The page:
À:lmèlhàwtxw Early Education Centre supervisor Jenn Carman (left) speaks with Minister of State for Child Care, Katrina Chen on June 29, 2018 during Chen’s visit to Chilliwack. . Paul Henderson / The Progress

Province bringing 421 new affordable childcare spaces to Fraser Valley

Supporting early childhood educators and creating spaces go hand in hand, minister says

The provincial government is rolling out 421 new childcare spaces in the Fraser Valley.

This brings the total number of new affordable childcare facilities in the region to just under 800 since the Childcare BC New Spaces Fund was created in the summer of 2018.

More than 10,400 of these spaces have been created in B.C. in the past 15 months – a move towards universal childcare that the government is calling “one of the largest social policy changes in B.C.’s history.”

These spaces – 88 spaces at two facilities in Aldergrove, 111 spaces at two facilities in Abbotsford, 105 spaces at one facility in Chilliwack, 36 spaces at one facility in Lake Errock and 81 spaces at two facilities in Langley – are offering childcare at a reduced rate for parents.

“As a mom with a young child, I have struggled with my own childcare as well,” said Katrina Chen, Minister of State for Child Care.

“I know how hard it is to find infant/toddler care; the wait lists are incredibly long. Some parents put their kids on over a dozen wait lists even before their child is born.”

The attention to early childhood development and family childcare is an area that was neglected for over a decade in the province, said Chen.

“We really want to walk away from a patchwork approach that you just fund things here and there,” Chen said. “We want to make sure we do a systematic change to build a foundation to an inclusive universal system that every family can have access to.”

Since B.C.’s NDP took office in 2017, child welfare spending has increased from $1.4 billion to close to $2 billion in their budget – an increase of almost 45 per cent.

The spending provides benefits for families earning under $110,000, along with the reduced fees at licensed childcare facilities.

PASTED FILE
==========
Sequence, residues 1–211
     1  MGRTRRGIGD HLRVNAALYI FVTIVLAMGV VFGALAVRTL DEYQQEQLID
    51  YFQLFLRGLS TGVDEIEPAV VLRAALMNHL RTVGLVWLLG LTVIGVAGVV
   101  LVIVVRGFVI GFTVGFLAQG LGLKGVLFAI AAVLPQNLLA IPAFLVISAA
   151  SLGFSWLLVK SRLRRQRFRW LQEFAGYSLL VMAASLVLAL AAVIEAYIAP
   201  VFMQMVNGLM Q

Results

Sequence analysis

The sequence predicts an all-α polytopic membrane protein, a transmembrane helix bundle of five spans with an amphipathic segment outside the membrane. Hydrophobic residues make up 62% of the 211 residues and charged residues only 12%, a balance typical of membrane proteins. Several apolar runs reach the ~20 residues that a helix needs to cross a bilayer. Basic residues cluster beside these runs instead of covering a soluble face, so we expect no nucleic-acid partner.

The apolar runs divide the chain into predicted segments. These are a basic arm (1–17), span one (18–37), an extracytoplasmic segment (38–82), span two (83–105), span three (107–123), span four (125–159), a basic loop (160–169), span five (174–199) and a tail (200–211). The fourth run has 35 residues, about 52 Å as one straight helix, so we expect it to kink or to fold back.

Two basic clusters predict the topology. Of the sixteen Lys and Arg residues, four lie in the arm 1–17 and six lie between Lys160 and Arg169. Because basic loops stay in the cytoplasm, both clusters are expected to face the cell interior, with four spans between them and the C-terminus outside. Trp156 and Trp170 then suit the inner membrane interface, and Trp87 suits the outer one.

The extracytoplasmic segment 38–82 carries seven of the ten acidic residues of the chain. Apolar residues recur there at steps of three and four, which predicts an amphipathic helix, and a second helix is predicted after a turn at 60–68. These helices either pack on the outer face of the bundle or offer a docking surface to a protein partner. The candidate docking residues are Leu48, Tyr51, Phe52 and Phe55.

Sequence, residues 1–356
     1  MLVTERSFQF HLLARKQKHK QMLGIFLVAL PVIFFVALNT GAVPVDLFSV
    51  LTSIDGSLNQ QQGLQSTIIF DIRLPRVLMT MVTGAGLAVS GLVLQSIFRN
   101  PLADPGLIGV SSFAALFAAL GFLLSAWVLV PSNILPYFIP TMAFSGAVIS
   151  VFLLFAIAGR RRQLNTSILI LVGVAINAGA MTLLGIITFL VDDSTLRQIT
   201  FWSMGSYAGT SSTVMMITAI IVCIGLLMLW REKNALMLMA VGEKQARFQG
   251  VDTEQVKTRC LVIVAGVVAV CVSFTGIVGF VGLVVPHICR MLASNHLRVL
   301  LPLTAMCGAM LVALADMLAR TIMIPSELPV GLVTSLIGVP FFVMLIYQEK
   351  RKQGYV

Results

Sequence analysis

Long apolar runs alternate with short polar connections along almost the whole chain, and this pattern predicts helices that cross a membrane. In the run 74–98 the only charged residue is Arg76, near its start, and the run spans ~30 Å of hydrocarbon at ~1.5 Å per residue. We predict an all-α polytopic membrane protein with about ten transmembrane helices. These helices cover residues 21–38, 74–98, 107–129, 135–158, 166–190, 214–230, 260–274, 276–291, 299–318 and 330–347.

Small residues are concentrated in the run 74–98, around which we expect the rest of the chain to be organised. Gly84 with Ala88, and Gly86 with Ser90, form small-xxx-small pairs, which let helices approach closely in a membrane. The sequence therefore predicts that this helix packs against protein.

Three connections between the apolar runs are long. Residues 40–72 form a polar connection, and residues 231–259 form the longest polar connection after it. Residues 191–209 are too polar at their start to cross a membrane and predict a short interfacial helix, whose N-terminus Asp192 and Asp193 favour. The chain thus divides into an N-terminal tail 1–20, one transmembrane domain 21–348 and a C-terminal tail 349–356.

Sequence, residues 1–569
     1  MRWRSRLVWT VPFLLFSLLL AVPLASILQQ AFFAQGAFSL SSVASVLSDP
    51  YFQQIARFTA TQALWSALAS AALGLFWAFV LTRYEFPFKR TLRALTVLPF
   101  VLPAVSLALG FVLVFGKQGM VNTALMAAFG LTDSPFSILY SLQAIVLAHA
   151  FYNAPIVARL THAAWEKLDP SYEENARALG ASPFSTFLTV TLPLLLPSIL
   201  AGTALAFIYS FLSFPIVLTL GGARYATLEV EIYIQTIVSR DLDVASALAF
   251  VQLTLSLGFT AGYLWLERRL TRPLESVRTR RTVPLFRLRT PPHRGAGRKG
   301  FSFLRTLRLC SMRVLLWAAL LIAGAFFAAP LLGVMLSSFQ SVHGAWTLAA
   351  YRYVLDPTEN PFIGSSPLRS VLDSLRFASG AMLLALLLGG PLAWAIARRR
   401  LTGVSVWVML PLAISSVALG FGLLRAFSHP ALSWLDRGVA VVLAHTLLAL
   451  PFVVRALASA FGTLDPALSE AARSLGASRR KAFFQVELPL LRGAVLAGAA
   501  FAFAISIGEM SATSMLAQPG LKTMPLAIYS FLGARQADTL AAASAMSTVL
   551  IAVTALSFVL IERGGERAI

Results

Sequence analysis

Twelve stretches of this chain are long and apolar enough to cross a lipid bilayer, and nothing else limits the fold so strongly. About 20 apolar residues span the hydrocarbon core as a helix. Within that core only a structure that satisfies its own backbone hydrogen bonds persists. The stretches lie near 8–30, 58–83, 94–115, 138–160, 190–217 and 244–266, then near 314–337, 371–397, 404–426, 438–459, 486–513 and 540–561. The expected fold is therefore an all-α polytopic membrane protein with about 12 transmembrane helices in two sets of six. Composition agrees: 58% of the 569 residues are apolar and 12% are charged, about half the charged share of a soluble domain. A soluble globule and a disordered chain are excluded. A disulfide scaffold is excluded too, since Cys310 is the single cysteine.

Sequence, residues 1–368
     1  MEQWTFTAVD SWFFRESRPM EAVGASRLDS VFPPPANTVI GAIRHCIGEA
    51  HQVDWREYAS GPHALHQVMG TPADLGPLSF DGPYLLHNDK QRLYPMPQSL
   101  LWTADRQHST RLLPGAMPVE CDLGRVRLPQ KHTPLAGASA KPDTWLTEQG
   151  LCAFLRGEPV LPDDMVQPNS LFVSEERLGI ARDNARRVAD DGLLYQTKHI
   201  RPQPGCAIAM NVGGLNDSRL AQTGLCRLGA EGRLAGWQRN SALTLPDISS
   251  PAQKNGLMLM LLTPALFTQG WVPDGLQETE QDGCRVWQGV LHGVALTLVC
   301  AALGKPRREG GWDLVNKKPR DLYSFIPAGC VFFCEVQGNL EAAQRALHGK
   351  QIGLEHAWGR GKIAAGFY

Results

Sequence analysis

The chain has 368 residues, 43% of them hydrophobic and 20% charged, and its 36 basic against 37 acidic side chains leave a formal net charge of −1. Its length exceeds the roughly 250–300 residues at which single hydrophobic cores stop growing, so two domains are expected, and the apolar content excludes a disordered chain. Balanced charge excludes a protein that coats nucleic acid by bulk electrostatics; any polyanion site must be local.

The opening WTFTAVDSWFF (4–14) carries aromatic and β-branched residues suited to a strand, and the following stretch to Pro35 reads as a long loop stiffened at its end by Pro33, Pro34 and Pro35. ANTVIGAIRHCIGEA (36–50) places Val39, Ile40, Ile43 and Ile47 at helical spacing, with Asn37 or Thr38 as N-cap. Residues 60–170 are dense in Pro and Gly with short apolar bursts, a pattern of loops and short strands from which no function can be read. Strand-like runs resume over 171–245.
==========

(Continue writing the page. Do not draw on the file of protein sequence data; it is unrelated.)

“Whenever I travel [to the Fraser Valley] to meet with local parents, stakeholders and providers, there is a huge demand for families to be able to access childcare services,” Chen said.

“Infant/toddler spaces is in the highest need, the licensing requirement is higher… and there is a [staff] shortage.”

The province is trying to make sure there are enough staff to fill these new childcare spaces being created as shortages in the field are very real.

During the application process, providers have to present a plan on how they will be able to recruit staff, Chen said.

“Early childhood educators have really been struggling with a lack of support and low wages… This is a sector that is predominantly 97 per cent women,” Chen said. “The struggles are huge. Many of them leave the sector just after a few years, even though they have great credentials as early childhood educators.

“A lot of them don’t even make a living wage.”

In 2018, the province created over a dozen new initiatives to focus on better training, education and compensation for these workers.

So far these childcare workers’ wages have been topped off with an additional dollar, with another dollar coming in April 2020. The province has invested more than $13 million for wage increases for over 10,000 ECEs, with $1.2 million finding its way to hands in the Fraser Valley.

Chen acknowledges the small increase is only a start.

“We know that’s a huge challenge,” she said. “We know $2 is only a start – it’s limited – but this is definitely the first time the provincial government has taken important steps to address the workforce challenge and make sure it’s not just patchwork.”

These initiatives also include 5,400 bursaries for post-secondary students entering ECE, and for people also already working in the field who may need to upgrade their training.

The training will also allow for practicums to get students in the field and earning money faster.

“A lot of people pay a lot of money to go through those programs,” Chen said. “They are proud to be an ECE… that is why we’re trying to support our education, to make sure it’s more affordable as they go through the training.”

The provincial government says their Childcare BC plan has helped parents in the Fraser Valley save more than $35 million through the Affordable Child Care Benefit and Child Care Fee Reduction Initiative.

“I want to emphasize that this is only part of our Childcare BC plan…. We are bringing a $10 a day [voucher] already to over 23,000 families,” Chen said.

“All of [these programs] work hand in hand.”

RELATED: B.C. mom starts support group to amplify voices of families facing daycare shortage

RELATED: B.C. boosts funding to help communities buy land for daycares

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